Faced with the excess and diversity (where to start?) of publications in Queering the Collection, currently installed in the ICP Library, I was happy to find (& just by judging a book by its cover) a familiar name: Stephen Grebinski.
This past fall at the Art Book Fair at P.S.1 I bought one of his publications in the hot & steamy zine tent, recognizing his work from Instagram (aparafoto). Grebinski works with an archive of old (analogue) gay porn, culled from print publications and VHS tapes.
The self–published book Keyed to Masculine Comfort mixes images from porn and interior design manuals. Cropped, printed in black-&-white on cheap paper, with a laminated soft cover, the book suggests longing and loss through the sea changes of time and low-tech appropriation. Both collections were once ordinary, or representative of markets that have subsequently fallen into an abyss of irretrievable times past. Bodies and furnishings once fulsome with possibility have receded into obsolescence, betrayed by the very technologies that once propped them up as ripe and fantastic. Rather than consider forms or styles as changing (body types, hair, floral arrangements, wallpaper patterns, etc.), we are faced with the shifting norms of electronic media that speed far ahead of our slow flesh, demanding new models of recognition.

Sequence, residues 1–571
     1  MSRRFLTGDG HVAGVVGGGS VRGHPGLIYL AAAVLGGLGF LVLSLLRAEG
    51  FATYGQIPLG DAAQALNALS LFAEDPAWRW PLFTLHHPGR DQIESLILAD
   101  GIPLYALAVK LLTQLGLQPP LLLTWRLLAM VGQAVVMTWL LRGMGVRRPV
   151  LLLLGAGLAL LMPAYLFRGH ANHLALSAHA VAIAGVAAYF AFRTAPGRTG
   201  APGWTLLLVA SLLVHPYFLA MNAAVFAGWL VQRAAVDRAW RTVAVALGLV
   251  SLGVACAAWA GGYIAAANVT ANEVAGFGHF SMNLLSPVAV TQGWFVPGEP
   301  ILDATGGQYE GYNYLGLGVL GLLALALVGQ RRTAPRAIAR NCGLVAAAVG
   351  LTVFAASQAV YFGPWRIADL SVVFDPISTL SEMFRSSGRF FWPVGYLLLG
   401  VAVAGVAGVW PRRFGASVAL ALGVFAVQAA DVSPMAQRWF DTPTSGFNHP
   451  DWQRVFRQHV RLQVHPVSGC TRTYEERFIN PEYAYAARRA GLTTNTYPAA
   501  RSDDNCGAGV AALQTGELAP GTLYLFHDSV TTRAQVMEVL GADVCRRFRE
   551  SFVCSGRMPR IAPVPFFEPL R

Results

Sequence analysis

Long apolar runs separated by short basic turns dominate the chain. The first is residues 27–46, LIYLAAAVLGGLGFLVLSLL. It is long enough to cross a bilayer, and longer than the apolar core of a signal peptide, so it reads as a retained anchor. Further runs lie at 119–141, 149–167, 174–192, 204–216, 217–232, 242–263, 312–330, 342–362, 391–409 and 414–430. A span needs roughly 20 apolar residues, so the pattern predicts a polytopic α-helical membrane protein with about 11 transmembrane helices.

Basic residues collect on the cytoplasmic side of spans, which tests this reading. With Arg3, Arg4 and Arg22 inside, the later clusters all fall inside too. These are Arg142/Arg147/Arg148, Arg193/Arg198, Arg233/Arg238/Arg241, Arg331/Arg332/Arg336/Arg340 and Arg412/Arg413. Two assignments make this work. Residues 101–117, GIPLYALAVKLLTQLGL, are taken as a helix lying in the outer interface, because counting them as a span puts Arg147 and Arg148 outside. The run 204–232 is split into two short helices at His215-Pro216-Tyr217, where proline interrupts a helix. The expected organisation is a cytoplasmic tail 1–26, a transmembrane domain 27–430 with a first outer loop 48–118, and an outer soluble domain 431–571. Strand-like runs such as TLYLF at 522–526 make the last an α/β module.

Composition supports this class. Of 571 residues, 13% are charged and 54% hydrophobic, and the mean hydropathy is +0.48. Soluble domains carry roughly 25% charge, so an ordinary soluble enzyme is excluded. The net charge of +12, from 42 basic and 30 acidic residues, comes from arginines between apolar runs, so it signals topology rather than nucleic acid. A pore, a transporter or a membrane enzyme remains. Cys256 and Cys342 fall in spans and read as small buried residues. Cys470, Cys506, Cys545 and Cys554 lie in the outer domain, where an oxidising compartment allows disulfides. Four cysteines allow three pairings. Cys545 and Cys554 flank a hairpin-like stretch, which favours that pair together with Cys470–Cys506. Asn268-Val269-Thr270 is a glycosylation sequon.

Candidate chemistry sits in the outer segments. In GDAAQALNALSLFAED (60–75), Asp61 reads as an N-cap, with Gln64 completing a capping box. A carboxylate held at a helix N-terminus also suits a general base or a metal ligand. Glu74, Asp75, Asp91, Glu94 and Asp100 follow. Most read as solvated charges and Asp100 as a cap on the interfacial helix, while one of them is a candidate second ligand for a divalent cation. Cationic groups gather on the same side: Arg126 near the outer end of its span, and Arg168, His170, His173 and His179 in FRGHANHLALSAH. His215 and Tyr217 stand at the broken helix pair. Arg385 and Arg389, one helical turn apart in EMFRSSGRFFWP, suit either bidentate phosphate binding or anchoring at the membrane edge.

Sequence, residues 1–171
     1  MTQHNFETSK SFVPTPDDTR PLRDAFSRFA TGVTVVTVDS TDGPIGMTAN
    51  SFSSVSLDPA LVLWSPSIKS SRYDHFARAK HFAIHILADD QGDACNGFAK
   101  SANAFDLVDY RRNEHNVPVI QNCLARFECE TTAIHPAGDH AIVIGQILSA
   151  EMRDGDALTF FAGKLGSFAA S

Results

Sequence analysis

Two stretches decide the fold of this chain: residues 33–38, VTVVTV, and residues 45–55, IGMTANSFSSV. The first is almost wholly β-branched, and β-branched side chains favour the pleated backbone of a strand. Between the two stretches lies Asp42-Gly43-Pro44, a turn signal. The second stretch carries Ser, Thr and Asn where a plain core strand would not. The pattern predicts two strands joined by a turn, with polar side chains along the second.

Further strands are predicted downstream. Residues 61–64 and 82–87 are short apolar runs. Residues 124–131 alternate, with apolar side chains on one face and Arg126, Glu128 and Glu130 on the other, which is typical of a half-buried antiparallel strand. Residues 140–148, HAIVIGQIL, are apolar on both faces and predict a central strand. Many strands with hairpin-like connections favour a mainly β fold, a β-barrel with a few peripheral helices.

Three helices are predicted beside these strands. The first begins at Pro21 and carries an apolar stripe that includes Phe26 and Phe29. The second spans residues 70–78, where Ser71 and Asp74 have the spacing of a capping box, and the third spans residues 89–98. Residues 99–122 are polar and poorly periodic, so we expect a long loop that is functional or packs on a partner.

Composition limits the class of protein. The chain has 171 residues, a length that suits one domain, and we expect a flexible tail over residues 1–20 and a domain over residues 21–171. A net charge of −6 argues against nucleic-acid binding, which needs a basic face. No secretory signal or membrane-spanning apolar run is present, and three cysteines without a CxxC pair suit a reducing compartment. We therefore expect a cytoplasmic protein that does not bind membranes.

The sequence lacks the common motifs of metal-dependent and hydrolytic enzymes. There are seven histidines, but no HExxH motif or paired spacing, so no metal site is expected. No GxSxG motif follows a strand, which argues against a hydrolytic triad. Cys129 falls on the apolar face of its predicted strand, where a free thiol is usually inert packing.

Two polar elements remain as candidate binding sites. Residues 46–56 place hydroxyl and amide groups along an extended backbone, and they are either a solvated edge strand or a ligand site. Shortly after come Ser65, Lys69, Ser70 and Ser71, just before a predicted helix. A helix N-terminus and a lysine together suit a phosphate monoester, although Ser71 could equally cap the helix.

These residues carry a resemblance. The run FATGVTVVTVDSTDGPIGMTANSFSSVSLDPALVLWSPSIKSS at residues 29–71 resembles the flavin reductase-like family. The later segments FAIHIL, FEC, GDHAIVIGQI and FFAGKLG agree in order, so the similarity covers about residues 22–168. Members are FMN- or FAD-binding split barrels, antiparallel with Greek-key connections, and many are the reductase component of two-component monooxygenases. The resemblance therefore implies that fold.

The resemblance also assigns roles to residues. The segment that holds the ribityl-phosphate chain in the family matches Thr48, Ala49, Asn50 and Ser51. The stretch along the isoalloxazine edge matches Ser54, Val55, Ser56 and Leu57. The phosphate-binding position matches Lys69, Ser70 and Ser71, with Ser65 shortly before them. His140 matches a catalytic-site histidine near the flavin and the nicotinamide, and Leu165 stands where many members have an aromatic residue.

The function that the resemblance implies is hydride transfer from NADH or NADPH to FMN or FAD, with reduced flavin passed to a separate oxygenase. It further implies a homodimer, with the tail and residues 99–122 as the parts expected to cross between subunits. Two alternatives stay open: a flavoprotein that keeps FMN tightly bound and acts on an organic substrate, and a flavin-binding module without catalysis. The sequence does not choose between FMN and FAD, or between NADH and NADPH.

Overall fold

Relentless consumption can be viewed as a perpetual and uncanny crisis in this bittersweet model of defunct intimacy and interiority, understood only in hindsight, past the point of being discarded. The wit of this book is in its transformation of mundane materials into a charged and graphically complex mapping of discarded desires that survive (somehow) and reanimate (into something different) in this perpetual fire of media.